via Chinese not immune to Indigenisation laws: Mandiwanzira – The Zimbabwean 21 January 2015
Chinese investors, despite the cordial relations between their country and Zimbabwe, are not immune to Zimbabwe’s indigenisation laws, Information, Technology and Courier Services Minister, Supa Mandiwanzira has said.
Zimbabwe’s Indigenisation laws compel foreign owned firms with a minimum shareholding of $500 000 to cede majority shareholding to locals.
The policy has been blamed for scaring away potential investors and at the same time lacking clarity and consistency. Mandiwanzira made his remarks after a meeting with Chinese Ambassador to Zimbabwe, Lin Lin at his offices in the capital today.
He said that the governments of China and Zimbabwe were working on
bringing more Chinese investors into the information and communication technology sector to the Southern African country but said the Asians would not be exempted from complying with indigenization laws.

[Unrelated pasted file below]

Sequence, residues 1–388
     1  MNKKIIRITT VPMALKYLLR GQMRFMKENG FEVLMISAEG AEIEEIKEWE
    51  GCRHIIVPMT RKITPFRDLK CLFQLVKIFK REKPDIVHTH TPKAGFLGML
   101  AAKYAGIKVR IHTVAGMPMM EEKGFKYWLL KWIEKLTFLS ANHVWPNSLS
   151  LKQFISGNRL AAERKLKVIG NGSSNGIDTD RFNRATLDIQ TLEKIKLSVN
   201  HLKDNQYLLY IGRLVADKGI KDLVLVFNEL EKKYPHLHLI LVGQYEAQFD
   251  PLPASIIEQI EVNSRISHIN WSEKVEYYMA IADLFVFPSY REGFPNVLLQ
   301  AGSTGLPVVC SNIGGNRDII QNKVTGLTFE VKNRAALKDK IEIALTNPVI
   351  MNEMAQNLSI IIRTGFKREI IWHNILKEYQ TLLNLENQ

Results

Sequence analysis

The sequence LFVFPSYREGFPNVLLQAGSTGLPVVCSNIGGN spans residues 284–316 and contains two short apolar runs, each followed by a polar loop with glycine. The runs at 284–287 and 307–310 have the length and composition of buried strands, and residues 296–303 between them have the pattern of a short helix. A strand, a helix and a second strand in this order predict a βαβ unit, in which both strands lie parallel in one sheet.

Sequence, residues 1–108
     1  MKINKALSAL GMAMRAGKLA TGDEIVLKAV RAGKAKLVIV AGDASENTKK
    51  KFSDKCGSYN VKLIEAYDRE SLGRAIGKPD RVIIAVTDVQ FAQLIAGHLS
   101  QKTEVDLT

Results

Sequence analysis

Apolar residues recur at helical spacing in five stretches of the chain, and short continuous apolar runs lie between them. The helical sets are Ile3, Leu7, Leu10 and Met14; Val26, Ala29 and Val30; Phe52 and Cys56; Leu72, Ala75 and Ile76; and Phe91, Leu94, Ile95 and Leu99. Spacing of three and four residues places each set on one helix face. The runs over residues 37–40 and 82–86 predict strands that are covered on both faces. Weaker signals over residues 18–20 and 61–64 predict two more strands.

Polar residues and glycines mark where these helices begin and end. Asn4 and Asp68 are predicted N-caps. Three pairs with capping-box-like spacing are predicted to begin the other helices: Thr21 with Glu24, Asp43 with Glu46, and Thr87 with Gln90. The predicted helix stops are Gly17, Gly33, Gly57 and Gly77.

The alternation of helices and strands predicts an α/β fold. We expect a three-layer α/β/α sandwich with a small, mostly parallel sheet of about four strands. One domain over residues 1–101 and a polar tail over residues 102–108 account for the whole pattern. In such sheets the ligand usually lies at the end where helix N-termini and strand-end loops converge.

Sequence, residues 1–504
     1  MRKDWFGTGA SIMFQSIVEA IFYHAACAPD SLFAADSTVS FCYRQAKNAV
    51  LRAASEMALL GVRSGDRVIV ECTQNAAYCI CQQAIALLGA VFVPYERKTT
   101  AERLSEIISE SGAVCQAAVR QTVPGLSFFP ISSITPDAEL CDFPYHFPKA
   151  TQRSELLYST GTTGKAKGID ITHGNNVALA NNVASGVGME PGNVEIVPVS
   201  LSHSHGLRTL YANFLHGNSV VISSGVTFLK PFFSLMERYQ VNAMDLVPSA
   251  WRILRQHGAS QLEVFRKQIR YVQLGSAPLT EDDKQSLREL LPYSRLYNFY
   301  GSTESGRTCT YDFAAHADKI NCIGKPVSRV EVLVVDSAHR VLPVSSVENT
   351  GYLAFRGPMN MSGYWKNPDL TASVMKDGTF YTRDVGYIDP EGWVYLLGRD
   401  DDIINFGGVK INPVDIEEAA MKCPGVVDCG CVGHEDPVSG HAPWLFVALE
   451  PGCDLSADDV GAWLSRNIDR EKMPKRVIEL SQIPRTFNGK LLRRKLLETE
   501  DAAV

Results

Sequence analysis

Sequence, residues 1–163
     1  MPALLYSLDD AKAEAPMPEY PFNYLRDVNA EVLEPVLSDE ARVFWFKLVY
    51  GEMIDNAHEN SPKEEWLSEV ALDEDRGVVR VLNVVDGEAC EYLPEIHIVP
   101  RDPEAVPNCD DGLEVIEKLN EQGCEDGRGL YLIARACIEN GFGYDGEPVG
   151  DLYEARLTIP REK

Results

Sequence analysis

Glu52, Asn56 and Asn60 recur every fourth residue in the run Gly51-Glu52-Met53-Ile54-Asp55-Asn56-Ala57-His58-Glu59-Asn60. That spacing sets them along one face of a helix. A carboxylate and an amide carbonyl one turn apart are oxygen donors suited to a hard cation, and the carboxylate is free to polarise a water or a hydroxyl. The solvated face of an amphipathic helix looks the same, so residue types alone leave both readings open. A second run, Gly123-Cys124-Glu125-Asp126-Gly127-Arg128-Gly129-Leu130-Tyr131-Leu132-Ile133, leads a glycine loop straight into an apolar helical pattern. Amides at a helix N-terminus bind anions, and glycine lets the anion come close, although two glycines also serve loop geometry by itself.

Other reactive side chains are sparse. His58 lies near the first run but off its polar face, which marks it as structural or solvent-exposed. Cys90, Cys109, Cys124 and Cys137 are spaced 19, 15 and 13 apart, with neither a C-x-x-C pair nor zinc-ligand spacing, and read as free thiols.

“I think that position is outlined in the law. The law is implemented on the basis of the law. You do not adjust a law to suit specific individuals. If you adjust it, it must be for everybody else but I think the Chinese will find us very receptive when they come to invest here,” said Mandiwanzira.
He said that Zimbabwe would continue solidifying its relations with China in a bid to revive the country’s falling economy. This is despite criticism from analysts that China has benefited more at the expense of Zimbabwe and at the same time failed to create employment in the country.
“We would like to open more opportunities for Chinese companies to come into Zimbabwe and invest and we are hopeful this will come with job opportunities. If you want to be successful these days, you have to learn to play with the Chinese,” said Mandiwanzira.
Chinese Ambassador to Zimbabwe, Lin Lin said his country was exploring more areas of cooperation with Zimbabwe in the information and communication technology sector.
“We are looking at the possibility of training Zimbabwe’s young generation in the ICT sector. I will try to encourage Chinese companies operating here to start training Zimbabwean youths and we are also trying to encourage the companies to do their own investments here,” said Lin.
He said plans were underway to implement programmes that would see Zimbabwean students studying in China paying special rates at universities.